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Verse 20. But pray ye, etc. The destruction was certainly coming. It could not be prevented. Yet it was right to pray for a mitigation of the circumstances, that it might be as mild as possible. So we know that calamity is before us; sickness, pain, and bereavement, and death, are in our path; yet though we know that these things must come upon us, it is right to pray that they may come in as mild a manner as may be consistent with the will of God. We must die; but it is right to pray that the pains of our dying may be neither long nor severe.

In the winter. On account of the cold, storms, etc. To be turned, then from home, and compelled to take up all abode in caverns, would be a double calamity.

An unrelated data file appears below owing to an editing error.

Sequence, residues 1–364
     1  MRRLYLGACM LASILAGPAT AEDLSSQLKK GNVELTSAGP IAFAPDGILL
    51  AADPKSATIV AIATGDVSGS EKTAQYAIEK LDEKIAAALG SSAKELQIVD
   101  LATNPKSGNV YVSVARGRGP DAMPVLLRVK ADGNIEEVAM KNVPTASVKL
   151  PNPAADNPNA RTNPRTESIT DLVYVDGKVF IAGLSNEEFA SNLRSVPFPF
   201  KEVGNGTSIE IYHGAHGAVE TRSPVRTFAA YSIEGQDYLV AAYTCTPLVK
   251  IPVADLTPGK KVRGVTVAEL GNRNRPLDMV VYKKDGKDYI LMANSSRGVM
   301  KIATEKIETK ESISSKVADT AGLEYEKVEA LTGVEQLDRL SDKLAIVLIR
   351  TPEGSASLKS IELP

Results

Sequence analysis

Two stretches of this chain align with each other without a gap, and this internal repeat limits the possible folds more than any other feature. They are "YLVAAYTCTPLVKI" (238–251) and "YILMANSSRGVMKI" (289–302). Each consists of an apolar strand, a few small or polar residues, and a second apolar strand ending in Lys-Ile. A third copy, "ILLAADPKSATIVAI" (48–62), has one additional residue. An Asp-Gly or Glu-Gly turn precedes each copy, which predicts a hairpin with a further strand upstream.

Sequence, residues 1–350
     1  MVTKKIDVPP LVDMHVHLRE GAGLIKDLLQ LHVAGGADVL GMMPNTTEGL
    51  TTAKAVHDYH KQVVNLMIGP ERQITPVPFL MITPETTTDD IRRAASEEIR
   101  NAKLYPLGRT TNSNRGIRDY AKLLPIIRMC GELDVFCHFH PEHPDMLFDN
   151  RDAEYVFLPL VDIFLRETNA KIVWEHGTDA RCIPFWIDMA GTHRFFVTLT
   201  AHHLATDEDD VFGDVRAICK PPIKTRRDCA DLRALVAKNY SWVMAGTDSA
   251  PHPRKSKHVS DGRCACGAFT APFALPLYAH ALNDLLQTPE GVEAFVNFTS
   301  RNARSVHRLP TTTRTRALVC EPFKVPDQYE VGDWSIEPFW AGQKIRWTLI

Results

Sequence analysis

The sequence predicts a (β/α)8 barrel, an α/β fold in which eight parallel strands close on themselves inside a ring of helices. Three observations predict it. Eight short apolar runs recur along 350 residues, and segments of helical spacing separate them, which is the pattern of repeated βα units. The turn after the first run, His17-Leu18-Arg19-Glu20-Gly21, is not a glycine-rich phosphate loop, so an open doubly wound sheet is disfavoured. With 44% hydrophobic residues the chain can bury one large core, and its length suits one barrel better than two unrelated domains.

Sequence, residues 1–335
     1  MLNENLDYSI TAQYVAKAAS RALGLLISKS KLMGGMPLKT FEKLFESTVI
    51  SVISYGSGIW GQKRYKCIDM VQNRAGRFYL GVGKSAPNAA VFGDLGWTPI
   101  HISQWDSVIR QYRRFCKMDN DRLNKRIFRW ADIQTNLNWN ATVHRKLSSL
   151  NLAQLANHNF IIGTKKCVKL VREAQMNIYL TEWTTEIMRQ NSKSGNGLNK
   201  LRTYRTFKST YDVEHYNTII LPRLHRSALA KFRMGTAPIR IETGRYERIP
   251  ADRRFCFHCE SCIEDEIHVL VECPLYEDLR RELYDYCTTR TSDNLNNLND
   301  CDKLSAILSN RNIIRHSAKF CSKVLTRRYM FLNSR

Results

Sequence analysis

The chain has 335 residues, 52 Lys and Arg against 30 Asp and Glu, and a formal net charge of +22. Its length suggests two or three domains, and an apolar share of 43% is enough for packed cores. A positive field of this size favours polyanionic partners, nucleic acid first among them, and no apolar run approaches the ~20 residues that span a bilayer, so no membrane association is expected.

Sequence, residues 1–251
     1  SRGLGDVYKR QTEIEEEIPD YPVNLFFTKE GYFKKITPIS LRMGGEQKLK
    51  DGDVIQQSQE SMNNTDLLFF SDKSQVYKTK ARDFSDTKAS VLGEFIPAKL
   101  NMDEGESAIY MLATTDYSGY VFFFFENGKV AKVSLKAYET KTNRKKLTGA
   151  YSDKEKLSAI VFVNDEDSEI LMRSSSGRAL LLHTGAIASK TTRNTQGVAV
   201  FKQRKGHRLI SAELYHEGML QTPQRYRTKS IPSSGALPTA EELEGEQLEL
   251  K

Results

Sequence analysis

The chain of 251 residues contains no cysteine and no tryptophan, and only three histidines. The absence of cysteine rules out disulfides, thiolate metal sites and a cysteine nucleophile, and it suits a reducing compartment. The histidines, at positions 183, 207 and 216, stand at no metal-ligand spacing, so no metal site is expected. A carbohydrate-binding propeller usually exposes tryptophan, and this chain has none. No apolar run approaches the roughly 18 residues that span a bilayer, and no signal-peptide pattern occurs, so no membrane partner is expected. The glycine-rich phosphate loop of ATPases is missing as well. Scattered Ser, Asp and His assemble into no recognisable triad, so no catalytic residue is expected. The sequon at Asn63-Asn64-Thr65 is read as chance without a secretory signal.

Neither on the sabbath day. Journeys were prohibited by the law on the sabbath, Ex 16:29. The law of Moses did not mention the distance to which persons might go on the sabbath; but most of the Jews maintained that it should not be more than two thousand cubits. Some supposed that it was seven furlongs, or nearly a mile. This distance was allowed, in order that they might go to their places of worship. Most of them held that it was not lawful to go farther, under any circumstances of war or affliction. Jesus teaches them to pray that it might not be on the sabbath, because if they should not go farther than a sabbath-day's journey, they would not be beyond the reach of danger; and if they did, they would be exposed to the charge of violating the law. It should be added, that it was almost impracticable to travel in Judea on that day, as the gates of the cities were usually closed, Ne 13:19-22.

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